On one hand, unions can be liable for breaching a duty to accommodate, when they become a party to the discrimination. This can happen in two instances:
- First, if there is a rule in a collective agreement that discriminates against an employee. Although such provision will likely be considered void, unions may be found liable, together with the employer, for disability discrimination. To avoid being liable, unions should ensure that the collective agreement prevents any kind of discrimination against employees suffering from mental health issues and affords the level of protection that is, at least, equivalent to the protections under the Code.
- Second, if the union unreasonably disrupts the accommodation process. This translates into the obligation of the union to assess the reasonableness of the accommodation proposals, advanced by the employer. If the accommodation proposal is reasonable, in particular, if it does not disrupt the collective agreement or detrimentally affect the rights of other employees, then the union cannot impede the employers efforts to accommodate.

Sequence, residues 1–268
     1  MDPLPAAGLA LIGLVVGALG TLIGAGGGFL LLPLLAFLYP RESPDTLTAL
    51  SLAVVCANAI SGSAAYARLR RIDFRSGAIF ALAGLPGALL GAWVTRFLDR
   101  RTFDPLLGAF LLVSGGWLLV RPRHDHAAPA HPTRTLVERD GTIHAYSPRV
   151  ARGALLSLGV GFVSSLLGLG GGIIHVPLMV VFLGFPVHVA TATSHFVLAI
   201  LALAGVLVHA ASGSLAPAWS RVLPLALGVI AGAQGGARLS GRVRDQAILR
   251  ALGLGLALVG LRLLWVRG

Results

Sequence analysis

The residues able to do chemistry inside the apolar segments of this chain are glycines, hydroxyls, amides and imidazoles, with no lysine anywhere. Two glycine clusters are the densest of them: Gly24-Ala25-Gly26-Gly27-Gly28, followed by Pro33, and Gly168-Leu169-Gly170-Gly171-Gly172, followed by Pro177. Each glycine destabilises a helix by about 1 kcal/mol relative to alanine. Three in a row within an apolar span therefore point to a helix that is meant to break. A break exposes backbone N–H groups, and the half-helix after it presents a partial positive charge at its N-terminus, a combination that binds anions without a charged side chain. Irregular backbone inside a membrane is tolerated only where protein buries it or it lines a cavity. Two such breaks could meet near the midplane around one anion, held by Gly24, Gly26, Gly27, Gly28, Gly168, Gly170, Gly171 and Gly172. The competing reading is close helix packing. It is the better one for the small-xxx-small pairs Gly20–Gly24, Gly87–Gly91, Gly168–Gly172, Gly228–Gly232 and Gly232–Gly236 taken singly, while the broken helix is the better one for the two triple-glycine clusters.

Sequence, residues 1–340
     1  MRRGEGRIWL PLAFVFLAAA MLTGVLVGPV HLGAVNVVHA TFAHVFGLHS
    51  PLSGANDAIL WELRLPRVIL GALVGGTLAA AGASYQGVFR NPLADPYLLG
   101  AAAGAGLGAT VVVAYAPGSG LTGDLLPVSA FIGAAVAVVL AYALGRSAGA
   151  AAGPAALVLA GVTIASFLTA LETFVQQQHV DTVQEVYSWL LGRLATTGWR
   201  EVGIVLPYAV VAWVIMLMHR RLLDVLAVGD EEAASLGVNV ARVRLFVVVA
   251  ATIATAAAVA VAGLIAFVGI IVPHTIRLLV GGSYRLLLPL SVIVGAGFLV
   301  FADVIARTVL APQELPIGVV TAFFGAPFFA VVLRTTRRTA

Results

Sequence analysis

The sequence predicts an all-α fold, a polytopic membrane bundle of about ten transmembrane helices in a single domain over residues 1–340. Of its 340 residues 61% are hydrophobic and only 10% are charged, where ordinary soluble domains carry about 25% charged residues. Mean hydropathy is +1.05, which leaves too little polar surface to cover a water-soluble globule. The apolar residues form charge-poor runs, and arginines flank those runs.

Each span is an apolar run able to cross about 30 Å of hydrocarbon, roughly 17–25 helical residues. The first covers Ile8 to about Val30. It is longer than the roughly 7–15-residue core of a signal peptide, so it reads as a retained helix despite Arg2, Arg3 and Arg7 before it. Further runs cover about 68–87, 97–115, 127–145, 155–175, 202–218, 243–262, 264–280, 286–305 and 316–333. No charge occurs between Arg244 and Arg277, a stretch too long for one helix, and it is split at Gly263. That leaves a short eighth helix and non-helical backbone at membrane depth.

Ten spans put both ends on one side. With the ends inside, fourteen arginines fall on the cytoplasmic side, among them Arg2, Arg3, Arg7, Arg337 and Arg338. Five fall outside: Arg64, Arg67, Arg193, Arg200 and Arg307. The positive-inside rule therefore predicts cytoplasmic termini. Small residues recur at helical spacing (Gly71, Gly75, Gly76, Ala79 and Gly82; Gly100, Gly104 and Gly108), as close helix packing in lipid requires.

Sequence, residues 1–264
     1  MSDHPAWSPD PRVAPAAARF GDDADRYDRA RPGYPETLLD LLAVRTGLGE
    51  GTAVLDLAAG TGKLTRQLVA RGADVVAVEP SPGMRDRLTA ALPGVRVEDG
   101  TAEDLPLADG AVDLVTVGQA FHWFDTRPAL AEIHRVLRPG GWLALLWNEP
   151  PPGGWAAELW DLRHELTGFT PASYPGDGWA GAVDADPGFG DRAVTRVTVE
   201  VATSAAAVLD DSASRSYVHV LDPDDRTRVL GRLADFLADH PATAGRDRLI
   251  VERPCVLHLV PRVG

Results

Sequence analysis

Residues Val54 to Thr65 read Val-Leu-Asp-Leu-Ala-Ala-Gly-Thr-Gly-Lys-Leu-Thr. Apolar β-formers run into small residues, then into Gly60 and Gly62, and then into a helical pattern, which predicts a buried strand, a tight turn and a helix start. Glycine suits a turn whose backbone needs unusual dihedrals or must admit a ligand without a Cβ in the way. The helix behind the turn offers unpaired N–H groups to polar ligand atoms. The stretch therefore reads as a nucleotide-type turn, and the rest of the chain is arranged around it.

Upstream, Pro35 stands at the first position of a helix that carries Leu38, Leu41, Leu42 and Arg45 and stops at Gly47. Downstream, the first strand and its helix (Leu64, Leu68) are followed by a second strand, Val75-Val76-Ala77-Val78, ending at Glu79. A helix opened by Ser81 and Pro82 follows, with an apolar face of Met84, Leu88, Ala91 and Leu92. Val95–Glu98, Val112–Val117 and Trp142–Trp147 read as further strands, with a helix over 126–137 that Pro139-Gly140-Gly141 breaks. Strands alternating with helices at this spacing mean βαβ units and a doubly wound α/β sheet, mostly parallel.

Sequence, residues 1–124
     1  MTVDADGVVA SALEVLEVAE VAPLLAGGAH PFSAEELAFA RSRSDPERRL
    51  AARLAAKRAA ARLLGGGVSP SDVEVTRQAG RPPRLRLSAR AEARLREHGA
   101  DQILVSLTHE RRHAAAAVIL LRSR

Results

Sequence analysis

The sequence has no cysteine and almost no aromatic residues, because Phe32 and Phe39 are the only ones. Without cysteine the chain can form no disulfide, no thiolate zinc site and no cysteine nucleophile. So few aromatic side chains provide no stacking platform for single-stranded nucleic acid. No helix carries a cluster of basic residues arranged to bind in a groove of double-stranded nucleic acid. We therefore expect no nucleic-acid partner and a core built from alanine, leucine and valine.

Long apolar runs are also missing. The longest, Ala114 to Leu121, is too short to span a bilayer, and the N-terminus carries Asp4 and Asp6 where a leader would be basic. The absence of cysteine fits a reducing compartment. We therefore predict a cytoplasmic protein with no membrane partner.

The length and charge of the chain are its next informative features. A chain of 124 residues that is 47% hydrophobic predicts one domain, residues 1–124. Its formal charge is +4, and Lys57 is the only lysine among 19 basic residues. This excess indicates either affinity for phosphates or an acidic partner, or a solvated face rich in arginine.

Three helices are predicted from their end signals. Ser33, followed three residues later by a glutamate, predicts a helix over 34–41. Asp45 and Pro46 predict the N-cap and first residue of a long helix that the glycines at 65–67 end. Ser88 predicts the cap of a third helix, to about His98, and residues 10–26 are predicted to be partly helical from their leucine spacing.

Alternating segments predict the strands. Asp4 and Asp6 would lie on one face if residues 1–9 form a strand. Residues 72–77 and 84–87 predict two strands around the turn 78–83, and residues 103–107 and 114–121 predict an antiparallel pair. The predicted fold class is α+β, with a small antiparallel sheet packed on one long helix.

In addition, unions have a responsibility to “ensure that a [disabled] employee can return to useful employment and must cooperate fully in finding [them] accommodation.”
On the other hand, the employer may violate its duty to accommodate, if it fails to communicate with the union and involve it in the discussion of possible accommodations.
Therefore, the accommodation process has to involve a meaningful conversation between the employer, the union and the employee, aimed at formulating possible solutions to accommodate the employee’s disability and assess the impact of these solutions on the overall workplace.
Please contact us for a personalized assessment of whether your Union could be liable for breaching the duty to accommodate or to help your members obtain accommodation.